Investing in People: How Crowd Funding Works

You know you can invest in stocks, bonds and mutual funds. But what about new companies or projects? Can you invest in people too?
You can now, thanks to crowd funding, one of the positive changes the Internet has brought to our world. With crowd funding, a new small business, inventor or artist starts a campaign to raise money for a project, then investors or donors pledge funds.
An industry report from Massolution says more than 1 million projects were crowd-funded with $2.7 billion in 2012. This year, it estimates an increase to $5.1 billion worldwide.

Here’s what you need to know to get involved:

1. Types of crowd funding
There are two types of crowd funding sites:
Charitable sites such as Indiegogo and Kickstarter focus on creative projects or personal financial needs. You may earn rewards for donating money to the project – like a movie ticket to see the finished film you helped fund – but you won’t earn financial returns.
Investment sites let you invest in a company or product from the ground up. You’ll earn a return on any profit the company makes but, like any investment, there are risks.

2. Platforms for crowd funding
There are dozens of different crowd funding sites. Before signing up for one, read the rules and check out the available campaigns. Here are a few examples:
Upstart. With this crowd funding site, highlighted in the video above, investors provide funding to a recent college graduate, then earn a percentage of the money they make, whatever they do.
Crowdfunder. This site offers a mix of charitable donations and investments.
SoMoLend. It focuses on existing small businesses to help them grow or cover their debts.
AngelList. This site focuses mostly on tech start-ups such as new software or video game development companies.

3. What to look for in an investment
Investing in an individual, company or a new product is risky. While there are rules in place to reduce the odds crowd funding platforms aren’t havens for scammers, that doesn’t mean all those seeking to raise money will be profitable. Do lots of research before investing.
Forbes recommends these steps:
Examine tax returns and financial statements. These should be provided by the crowd funding site. Businesses attempting to raise $500,000 or more must furnish audited financial statements, but every company attempting to raise money should provide something. If you don’t know what to look for in documents like these, find someone who does, like an accountant.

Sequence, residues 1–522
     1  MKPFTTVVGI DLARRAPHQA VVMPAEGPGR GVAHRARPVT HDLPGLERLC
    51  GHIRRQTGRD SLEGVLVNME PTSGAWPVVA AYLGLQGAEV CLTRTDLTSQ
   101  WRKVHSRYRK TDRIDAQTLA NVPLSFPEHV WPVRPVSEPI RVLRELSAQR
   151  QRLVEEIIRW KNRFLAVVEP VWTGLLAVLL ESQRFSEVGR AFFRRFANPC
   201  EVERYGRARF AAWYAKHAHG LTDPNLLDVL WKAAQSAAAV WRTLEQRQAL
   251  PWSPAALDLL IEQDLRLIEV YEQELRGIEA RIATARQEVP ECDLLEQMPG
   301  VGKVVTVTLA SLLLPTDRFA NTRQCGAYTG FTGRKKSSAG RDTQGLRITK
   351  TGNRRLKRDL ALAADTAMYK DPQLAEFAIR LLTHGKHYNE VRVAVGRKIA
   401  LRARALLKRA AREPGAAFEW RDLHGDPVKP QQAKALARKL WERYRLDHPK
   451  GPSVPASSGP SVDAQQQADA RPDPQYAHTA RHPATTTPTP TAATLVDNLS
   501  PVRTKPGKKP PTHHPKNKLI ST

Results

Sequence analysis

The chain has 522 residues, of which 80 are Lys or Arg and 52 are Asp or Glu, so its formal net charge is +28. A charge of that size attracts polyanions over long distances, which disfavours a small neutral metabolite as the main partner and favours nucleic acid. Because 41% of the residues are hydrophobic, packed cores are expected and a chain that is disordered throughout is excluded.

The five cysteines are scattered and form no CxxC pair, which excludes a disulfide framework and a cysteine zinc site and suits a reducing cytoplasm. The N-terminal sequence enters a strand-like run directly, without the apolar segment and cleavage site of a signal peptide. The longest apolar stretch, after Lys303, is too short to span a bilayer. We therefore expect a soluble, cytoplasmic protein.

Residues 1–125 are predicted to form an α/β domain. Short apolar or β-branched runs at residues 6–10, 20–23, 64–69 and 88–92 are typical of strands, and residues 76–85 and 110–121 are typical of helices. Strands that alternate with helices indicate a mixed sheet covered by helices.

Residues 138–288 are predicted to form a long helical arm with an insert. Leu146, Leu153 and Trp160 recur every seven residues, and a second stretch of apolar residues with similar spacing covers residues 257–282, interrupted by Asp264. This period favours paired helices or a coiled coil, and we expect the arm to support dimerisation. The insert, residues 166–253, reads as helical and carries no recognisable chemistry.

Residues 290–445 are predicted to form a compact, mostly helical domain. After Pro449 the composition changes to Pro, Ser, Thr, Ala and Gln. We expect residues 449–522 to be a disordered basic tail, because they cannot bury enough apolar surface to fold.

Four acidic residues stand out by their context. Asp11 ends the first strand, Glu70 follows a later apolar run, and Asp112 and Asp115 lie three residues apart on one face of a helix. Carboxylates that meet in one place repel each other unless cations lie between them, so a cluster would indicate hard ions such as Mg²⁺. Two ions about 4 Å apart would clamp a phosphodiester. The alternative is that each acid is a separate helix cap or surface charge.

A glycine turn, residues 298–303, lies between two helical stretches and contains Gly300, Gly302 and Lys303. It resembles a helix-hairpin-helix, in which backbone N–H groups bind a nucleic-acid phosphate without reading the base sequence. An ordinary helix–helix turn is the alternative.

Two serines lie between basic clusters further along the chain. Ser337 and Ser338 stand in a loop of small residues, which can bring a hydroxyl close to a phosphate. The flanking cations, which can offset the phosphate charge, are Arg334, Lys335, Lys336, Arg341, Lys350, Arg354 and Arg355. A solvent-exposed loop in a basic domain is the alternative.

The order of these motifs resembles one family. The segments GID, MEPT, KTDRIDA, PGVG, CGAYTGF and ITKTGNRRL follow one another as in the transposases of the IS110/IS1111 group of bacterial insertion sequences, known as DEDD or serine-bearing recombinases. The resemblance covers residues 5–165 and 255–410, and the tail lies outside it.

Look for licenses and registrations. Legitimate companies should be licensed or registered in their city, county or state. Ask to see a copy of the paperwork and look it over. If something doesn’t match up, be wary.
Search for lawsuits. Look for lawsuits against the company or inventor on a site like Justia.com. If they’ve ever been sued, you should know about it before you invest.
Verify personal background. You likely can’t obtain a full credit history, but you might be able to verify that what you’re told is true. If an inventor says he graduated from Yale, contact the university and ask. (Not all will disclose this information.) Verify the person’s location. Look at social networking sites like Twitter and Facebook to see what other people are saying about the company and the people involved, as well as LinkedIn.
Get the required disclosures. A company has to disclose how much it’s asking for and how it plans to repay investors. Will they be raising more money in the future that could dilute your ownership interest? Do they have competition? How will the money be spent? Find out as much as you can about the company and its future plans.

4. The rules for crowd funding
Since crowd funding is a relatively new type of investment, the laws governing it are still taking shape. President Obama signed the Jumpstart Our Businesses Act into law last year, and the Securities and Exchange Commission is hammering out the details.
Forbes summed them up like this:
Without going through an expensive and onerous SEC registration, companies will be able to sell up to $1 million of stock per year to an unlimited number of investors. Individuals who earn less than $100,000 a year can invest up to $2,000 per company per year; wealthier folks can invest 10% of their income up to $100,000.
The SEC has until Oct. 31 to implement the rules of the JOBS Act. For now, companies can take on up to 35 non-accredited investors (people who make $200,000 or less a year), according to the SEC, as long as those investors have a pre-existing relationship with the person or company and enough sophistication to be knowledgeable investors. Meaning, you can invest in a project if you know the founder, she doesn’t already have 35 other non-accredited investors and you know what you’re doing. Or if you make more than $200,000 a year or have $1 million net worth.
Things might be a bit closed off and complicated for now, but expect that to change when the new SEC rules take effect.
Source: MoneyTalksNews – Angela Colley

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